“Now, Selkirk, don’t go blaming yourself,” said Tompkins, who’d seen the wave of realisation pass through Selkirk like a small seismic shock, “I want you to promise me you won’t blame yourself. Mr. Dan was a grown man and you can’t be there for him like a nanny in case he fell over and grazed his knee. You need to sleep and if he comes home when you’re asleep, that’s his affair. I know Dan holds nothing against you, Selkirk, nothing whatsoever. Do you hear?”

        “I do, sir, thank you, sir, I am still not sure what will happen to me, but it’s wrong of me to think about myself when Mr. Dan is on a cold slab somewhere.”

        “I don’t blame you, Selkirk, for thinking about your future – if needs be you could come over to Aunt Jemima’s and take over things there – heaven knows we need someone to organise the place.”

        “That’s kind of you, Mr. Tompkins, but it’s possible the family might want to retain me for anyone who comes to live here.”

        “Yes, that withstanding, my offer still holds, Selkirk, anyhow I should go and see Spinky’s place before the police get there and spoil things.”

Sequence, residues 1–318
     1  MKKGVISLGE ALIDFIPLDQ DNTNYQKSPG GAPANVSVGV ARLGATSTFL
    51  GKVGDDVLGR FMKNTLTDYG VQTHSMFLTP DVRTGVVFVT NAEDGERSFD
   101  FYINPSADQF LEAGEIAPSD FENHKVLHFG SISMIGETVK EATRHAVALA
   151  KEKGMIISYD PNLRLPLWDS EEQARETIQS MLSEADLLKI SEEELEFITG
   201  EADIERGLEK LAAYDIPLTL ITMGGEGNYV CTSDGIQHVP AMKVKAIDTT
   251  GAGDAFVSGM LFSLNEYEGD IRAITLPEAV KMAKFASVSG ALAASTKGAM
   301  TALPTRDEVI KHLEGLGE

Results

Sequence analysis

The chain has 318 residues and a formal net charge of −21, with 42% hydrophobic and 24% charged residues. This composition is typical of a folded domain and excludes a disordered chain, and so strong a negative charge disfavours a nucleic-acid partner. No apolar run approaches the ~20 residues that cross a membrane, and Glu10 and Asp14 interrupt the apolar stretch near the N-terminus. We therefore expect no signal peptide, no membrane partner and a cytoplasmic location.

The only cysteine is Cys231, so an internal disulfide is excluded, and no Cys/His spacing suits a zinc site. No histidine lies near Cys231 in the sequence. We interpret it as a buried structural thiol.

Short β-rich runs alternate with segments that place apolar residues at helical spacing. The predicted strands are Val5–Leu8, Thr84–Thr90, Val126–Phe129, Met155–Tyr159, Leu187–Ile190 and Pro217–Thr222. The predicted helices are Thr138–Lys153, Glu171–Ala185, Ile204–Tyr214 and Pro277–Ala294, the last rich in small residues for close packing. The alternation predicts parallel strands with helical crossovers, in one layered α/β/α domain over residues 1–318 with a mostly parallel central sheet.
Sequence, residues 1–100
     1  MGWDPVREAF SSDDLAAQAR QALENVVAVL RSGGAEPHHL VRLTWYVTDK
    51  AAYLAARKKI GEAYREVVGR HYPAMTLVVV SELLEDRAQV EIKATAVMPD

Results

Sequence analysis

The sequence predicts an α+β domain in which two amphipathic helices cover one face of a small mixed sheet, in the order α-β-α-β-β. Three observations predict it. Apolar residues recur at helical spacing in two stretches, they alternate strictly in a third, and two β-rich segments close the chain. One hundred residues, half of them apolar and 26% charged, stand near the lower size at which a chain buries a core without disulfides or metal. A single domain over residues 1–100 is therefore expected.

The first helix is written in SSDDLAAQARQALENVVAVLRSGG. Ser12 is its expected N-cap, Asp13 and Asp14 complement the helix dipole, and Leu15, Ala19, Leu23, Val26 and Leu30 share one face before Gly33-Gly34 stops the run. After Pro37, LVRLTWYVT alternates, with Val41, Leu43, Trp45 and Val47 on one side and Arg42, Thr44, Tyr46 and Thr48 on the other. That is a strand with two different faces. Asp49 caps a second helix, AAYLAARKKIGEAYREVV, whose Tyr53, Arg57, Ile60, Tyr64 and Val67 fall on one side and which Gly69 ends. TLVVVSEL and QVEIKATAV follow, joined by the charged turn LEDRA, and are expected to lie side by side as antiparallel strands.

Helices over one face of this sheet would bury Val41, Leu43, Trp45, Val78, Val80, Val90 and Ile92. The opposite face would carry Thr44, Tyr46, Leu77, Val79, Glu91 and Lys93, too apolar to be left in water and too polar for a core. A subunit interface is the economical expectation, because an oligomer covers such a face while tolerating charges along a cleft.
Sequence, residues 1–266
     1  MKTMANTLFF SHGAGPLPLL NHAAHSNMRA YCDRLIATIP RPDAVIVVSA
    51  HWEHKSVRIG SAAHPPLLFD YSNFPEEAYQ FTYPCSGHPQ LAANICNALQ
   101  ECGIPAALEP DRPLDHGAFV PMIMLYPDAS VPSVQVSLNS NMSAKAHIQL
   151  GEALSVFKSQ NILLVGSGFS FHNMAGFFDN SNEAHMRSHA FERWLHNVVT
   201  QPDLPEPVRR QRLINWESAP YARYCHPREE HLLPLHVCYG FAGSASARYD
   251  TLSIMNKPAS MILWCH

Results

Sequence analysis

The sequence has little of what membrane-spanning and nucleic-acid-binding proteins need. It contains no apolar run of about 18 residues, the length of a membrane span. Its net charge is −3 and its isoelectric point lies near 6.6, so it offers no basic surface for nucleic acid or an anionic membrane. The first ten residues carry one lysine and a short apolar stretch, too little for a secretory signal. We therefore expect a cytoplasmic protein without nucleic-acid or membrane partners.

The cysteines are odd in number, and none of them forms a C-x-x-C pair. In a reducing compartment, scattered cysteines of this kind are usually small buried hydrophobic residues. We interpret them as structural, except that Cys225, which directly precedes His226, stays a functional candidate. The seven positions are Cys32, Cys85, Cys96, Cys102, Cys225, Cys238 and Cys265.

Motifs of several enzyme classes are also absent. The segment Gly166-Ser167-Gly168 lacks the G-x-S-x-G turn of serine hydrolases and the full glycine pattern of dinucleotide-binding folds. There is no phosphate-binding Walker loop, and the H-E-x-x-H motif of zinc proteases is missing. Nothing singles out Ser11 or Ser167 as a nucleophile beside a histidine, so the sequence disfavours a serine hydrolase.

Selkirk bowed deeply to Mr. Tompkins – “Can I say, Mr. Tompkins, it has been an absolute pleasure to know you and I hope to see you again soon.”

        Tompkins shook Selkirk by the hand, causing the man to overbalance, before seeing himself out of the house. The wind had picked up and the clouds promised rain as Tompkins bounded down the steps and turned left towards Spinky Mills’ place on the edge of Fitzrovia. Tompkins liked walking around in this part of London as the buildings were redolent of a time when Britain, or more accurately in Tompkins’s option England, ruled the world and didn’t need to have lots of interlopers clogging up the streets and filling all the low-paying positions in society.